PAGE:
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Letters to the Editor
Wednesday, October 27, 2010 • Posted October 26, 2010

Regarding The Election

Dear editor,

I vote, and so should you. I consider it both a privilege and a duty, being a part of this great nation. I have been voting for over 50 years in each of the states I have resided in, and when I started you had to be at least age 21, missing only one election due to sudden illness and hospitalization. You should vote and make your decision count in all elections, be they local, state or national.

I know it has become increasingly difficult to make yourself go to the polls as the years have gone by, primarily because those who wish to become our leaders and/or voice seem to have lost the ability to let we the people know what they hope to accomplish for us if successful in their bids for office. Instead, campaigning seems to have become a game of discovering the most negative things they can find regarding their opponents.

I, for one, oppose all the negative campaigning and prefer to find positive reasons for marking each box. With study, one can make a valued decision based on their own heart and wishes, ignoring party lines.

Consider the issues, the candidates, and above all, do not be lured into the thought that you should vote a straight ticket. Not every candidate from a particular party is the right candidate for the position they are seeking.

Above all, get out and vote! It really only takes a short amount of time, plus you have an opportunity to meet and visit with your fellow neighbors and friends. If you choose not to do so, you do not have the right to complain about how our city, our state, and our country is being run.

Let's make this one of the most successful elections percentage-wise that Blanco County has ever seen.

Virginia Kloster

Blanco, TX

Dear editor,

I am writing about the decision to build a new 48-bed jail in Blanco County. As a retired businessman and Blanco County resident, I grew concerned about the controversy over this project and tried to determine for myself whether this was a good or bad use of taxpayer money.

Here is what I learned: Currently, Blanco County spends about $72,000 per year renting jail space from other counties due to our insufficient capacity. In addition, we use the equivalent of one full-time officer to transport our prisoners to and from these other facilities. This problem is not unique to Blanco County. Several other counties, including Gillespie County, are forced to rent space for their prisoners due to a lack of jail capacity.

A new jail is clearly needed to solve our space problem. It seems to be a good time to build one, because interest rates are low and construction companies are competing hard for business to avoid laying people off during the economic slowdown. Our sheriff’s department was advised by counties that added jail space in recent years to build enough capacity to meet our needs for at least as long as it takes to pay off the construction costs (i.e., 20 years). Doing this meant that Blanco County would have excess capacity for a while in our new facility until we “grew into” the new space. However, instead of being wasteful in the short run, this excess capacity can actually help us offset our building costs by renting jail space to other counties. Our sheriff’s department believes that by doing this Blanco County can generate several hundred thousand dollars per year in revenue, which is more than enough to pay the interest for both the new jail and the new courthouse annex. When you add the fact that it costs about the same to operate a 48-bed jail as a 30-bed jail, building the larger facility seems to be a no-brainer.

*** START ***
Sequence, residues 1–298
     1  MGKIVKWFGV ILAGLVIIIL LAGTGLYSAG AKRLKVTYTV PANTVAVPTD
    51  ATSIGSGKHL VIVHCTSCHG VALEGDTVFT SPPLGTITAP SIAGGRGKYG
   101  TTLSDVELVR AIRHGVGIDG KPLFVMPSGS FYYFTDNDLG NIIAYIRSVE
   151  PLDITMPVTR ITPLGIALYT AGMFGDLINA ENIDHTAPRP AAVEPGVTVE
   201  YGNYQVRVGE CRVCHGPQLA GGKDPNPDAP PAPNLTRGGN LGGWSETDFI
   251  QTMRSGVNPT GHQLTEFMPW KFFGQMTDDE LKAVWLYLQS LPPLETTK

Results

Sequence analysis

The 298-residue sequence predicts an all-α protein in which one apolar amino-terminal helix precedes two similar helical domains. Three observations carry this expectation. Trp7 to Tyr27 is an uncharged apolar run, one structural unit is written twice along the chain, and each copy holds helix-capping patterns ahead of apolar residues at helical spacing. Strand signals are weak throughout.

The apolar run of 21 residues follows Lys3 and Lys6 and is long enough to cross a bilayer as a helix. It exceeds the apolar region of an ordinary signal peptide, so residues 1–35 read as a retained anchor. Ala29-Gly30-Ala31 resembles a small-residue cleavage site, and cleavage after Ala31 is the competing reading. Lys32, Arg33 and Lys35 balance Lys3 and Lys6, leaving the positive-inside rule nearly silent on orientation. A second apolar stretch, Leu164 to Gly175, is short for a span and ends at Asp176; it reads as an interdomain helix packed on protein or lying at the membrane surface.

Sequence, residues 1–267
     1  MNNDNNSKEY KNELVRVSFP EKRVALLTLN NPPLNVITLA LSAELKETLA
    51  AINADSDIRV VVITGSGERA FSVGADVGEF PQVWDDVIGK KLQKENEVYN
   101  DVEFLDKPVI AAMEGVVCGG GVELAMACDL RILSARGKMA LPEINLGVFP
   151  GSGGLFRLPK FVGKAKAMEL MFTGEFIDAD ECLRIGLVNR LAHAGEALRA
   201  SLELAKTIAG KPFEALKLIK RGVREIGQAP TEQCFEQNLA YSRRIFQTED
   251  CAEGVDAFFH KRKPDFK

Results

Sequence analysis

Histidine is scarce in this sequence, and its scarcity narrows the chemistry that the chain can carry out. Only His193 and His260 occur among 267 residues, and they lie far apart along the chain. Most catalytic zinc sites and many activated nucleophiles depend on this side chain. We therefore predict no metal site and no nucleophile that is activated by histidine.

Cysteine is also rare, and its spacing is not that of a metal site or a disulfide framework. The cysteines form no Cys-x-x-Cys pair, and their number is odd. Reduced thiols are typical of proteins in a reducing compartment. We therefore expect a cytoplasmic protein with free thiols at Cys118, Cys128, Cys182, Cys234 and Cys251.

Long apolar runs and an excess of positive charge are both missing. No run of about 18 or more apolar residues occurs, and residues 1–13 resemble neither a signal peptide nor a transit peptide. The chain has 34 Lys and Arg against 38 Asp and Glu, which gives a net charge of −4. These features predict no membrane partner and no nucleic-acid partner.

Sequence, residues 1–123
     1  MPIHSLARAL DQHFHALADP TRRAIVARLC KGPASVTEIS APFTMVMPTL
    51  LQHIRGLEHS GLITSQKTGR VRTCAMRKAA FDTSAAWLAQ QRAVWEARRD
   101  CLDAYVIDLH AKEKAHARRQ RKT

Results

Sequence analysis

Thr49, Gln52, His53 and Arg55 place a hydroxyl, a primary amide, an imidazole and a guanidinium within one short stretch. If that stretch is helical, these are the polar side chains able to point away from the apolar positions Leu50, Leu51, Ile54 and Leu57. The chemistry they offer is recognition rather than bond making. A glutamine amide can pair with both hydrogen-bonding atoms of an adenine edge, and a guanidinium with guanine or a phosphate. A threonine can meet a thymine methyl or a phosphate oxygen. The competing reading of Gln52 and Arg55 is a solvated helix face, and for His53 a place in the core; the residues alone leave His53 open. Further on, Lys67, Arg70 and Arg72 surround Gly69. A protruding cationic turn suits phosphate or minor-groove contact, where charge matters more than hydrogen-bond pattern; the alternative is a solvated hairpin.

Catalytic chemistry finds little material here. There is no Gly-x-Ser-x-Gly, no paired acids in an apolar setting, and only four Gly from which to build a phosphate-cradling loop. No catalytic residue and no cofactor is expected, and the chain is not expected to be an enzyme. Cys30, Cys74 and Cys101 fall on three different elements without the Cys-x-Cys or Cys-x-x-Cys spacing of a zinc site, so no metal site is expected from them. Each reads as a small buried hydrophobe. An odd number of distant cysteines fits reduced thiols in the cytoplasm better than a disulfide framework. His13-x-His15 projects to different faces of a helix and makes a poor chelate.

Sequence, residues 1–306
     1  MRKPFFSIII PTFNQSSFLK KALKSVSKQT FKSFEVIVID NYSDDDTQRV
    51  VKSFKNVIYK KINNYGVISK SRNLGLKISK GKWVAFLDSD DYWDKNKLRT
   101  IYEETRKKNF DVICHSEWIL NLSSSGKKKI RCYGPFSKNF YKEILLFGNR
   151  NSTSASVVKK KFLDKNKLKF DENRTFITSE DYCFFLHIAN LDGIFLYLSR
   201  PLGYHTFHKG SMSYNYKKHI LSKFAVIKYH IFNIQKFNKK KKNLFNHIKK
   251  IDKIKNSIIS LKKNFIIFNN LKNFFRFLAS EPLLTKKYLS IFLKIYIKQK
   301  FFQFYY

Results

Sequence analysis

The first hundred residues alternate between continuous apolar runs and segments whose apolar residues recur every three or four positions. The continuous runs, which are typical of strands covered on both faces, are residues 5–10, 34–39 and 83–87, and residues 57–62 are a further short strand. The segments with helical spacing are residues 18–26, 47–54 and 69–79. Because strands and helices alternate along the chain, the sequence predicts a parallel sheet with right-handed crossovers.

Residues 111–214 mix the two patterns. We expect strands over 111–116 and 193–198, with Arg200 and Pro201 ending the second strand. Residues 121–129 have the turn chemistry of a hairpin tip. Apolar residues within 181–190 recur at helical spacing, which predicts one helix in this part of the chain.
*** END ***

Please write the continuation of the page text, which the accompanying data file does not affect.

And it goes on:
So when I look at the business rationale for this project, it seems to be a good decision that will benefit the county financially and help keep future tax rates as low as possible.

Sincerely,

Will Shelton

Johnson City

Dear editor,

I received the BISD brochure in the mail last week regarding the proposed “School Bond.” At first glance I was excited to see a remedy for the elementary campus. You had made your case in the local paper and I think most everyone has known for a long time that much work is needed on that campus. I was very pleased to see that care was taken to preserve the history of the school by including the façade with its original look. So far, so good. BUT….then I re-read the details of the proposal. Five Million dollars to renovate the elementary campus. Sounds like a lot of money to me but I know things cost more than I like to admit. Then another two million dollars for “Other Improvements;” things listed were “add a running trail to the campus (where five million dollars has just been allocated?) Alter the middle school science lab, air condition the middle school gym, repair the paving and modify the stage” at the high school. Then district wide “add security cameras, new maintenance barn, paving at the stadium, relocate the tennis courts? And Technology???”

Oh yeah, and a further one point six million for “one school bus, insurance on the bond (which could not have been an after thought,) equipment, furnishings, professional fees,” and my personal favorite “contingencies” and oops, of course “legal.” I am very sorry to say that I cannot in good conscience vote for this bond in its current state.

I hope the board will try again to pass a bond for the much needed work at the “Elementary Campus.”

Respectfully,

Dan Murrah

Blanco, TX